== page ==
Women’s recovery & reconstruction of self after intimate partner violence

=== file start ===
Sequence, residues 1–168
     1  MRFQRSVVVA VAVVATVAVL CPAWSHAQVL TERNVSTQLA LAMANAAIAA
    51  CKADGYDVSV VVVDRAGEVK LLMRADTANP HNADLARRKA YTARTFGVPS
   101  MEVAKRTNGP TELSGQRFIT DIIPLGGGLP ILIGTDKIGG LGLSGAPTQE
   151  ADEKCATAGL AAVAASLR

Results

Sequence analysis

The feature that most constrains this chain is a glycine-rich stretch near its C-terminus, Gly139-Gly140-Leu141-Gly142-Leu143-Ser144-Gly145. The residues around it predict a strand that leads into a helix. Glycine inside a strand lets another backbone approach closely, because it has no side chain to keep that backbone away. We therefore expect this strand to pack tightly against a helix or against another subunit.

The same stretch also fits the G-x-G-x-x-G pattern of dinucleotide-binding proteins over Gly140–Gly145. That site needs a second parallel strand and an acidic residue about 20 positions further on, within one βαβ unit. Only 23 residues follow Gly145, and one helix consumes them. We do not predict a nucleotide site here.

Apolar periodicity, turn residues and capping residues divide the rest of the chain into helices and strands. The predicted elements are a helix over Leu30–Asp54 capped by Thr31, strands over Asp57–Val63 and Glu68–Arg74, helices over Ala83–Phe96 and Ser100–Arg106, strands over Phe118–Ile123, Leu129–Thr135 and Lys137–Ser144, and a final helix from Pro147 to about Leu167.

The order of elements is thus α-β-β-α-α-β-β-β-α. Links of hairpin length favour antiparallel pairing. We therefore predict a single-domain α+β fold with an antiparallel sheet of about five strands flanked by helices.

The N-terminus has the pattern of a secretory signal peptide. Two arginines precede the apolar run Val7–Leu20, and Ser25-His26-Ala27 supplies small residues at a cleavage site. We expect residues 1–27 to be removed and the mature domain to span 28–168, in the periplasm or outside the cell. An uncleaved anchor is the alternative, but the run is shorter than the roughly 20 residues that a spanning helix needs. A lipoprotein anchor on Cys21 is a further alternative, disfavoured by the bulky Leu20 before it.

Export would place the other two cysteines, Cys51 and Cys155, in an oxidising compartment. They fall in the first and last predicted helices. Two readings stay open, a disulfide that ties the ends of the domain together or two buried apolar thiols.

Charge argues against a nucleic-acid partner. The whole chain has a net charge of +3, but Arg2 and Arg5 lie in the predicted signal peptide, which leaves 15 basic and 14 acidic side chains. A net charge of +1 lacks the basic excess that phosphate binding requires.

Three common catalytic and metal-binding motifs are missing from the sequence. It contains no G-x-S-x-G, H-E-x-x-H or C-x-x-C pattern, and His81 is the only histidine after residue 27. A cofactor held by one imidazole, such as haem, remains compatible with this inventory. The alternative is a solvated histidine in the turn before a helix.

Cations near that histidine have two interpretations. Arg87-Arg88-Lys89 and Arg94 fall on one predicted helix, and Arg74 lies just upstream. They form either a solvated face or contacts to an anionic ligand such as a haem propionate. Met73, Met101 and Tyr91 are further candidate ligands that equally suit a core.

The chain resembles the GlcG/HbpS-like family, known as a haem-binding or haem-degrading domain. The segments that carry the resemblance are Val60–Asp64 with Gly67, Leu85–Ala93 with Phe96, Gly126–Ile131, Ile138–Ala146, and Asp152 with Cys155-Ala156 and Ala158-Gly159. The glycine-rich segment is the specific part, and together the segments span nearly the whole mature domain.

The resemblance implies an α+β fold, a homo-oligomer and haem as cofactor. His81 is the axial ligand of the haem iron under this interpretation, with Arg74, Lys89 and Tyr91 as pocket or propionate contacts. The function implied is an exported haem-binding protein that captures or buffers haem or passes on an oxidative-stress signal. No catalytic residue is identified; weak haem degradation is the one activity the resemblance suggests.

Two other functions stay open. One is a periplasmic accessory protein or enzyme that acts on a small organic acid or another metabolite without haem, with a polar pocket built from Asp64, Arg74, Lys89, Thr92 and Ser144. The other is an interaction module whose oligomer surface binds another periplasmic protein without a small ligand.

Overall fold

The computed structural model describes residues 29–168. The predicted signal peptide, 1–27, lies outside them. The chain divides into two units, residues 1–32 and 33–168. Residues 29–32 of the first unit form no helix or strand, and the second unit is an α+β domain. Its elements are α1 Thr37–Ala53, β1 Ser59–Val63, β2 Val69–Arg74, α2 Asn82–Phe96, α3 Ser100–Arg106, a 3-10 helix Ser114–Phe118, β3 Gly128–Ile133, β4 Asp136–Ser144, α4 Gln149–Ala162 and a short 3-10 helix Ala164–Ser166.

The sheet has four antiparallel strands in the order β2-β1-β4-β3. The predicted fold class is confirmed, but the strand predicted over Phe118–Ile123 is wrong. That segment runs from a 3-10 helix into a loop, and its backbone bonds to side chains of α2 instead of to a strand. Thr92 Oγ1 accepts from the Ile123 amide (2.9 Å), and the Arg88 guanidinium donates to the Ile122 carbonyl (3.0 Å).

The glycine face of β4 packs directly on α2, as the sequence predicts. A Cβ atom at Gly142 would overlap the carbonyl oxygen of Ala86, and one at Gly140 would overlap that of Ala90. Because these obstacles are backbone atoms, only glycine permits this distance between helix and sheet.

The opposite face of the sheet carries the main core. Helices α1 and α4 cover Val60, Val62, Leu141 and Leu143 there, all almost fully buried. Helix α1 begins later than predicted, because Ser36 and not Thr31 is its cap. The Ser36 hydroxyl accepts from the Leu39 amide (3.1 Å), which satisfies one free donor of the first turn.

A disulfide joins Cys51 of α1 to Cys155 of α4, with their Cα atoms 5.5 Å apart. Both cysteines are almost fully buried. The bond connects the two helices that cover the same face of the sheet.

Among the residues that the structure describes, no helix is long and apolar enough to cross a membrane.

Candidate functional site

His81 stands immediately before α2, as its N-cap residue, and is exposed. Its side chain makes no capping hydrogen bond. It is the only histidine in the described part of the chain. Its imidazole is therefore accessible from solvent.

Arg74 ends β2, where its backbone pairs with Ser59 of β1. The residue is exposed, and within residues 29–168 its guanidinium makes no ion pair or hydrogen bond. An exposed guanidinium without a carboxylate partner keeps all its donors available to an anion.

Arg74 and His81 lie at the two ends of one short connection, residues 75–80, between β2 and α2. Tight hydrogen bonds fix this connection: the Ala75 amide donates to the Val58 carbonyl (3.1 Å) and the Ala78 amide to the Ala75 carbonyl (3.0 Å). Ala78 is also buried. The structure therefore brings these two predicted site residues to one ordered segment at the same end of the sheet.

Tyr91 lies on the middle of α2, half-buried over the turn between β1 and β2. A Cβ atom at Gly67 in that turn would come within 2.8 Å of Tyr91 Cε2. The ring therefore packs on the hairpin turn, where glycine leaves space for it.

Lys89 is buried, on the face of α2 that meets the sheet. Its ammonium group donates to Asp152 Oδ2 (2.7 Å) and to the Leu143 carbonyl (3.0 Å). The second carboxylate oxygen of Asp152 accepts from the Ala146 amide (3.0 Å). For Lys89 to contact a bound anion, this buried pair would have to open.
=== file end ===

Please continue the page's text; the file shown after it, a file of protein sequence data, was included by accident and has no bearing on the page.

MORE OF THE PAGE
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Introduction: For women in Australia, sexual assault, domestic and family violence are some of the most pervasive human rights violations. According to the Australian Bureau of Statistics (2005) nearly one in five Australian women has experienced violence by a current or previous intimate partner. Research on intimate partner abuse and violence (IPV) has focused on factors related to a woman's decision to leave or stay and the processes involved in arriving at that decision. However, studies on IPV have seldom ventured beyond the point of physical separation and little is known about the experience of women who have permanently left their abusive partners. The oppressive nature of the abusive relationship leads to restricted personal growth as survival was prioritised over self-development. Consequently, the post-separation period affords opportunities for redirection of energy and intention and extrication from false beliefs of their characteristics and identity. Objectives: The aim of this research is to establish theory that predicates the construction of a woman's self-identity, personal strength and agency after the permanent physical separation from an abusive relationship. Methods: This qualitative, grounded theory research utilised explorative interviews with women, who permanently separated from an IPV relationship, as the main source of data. Results & Discussion: The resultant framework will prove greater depth in understanding the women's process of leaving and recovery from IPV and what has assisted them in regaining their psychological, emotional and sexual equilibrium.
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